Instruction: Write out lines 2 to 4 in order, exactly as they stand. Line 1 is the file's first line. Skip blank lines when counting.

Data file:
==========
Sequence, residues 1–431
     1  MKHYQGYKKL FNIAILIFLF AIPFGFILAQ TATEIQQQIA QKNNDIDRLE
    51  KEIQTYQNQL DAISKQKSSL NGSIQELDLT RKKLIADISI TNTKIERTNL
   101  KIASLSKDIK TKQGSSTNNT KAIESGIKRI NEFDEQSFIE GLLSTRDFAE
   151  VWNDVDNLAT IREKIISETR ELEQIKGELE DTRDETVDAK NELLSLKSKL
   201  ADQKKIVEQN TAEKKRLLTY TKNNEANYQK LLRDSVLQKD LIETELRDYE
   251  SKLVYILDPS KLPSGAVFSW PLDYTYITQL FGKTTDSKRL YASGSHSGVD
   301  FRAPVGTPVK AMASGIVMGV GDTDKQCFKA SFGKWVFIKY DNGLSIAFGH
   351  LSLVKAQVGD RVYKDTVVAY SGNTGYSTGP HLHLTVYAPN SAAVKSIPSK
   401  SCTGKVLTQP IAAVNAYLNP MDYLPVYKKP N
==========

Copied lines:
     1  MKHYQGYKKL FNIAILIFLF AIPFGFILAQ TATEIQQQIA QKNNDIDRLE
    51  KEIQTYQNQL DAISKQKSSL NGSIQELDLT RKKLIADISI TNTKIERTNL
   101  KIASLSKDIK TKQGSSTNNT KAIESGIKRI NEFDEQSFIE GLLSTRDFAE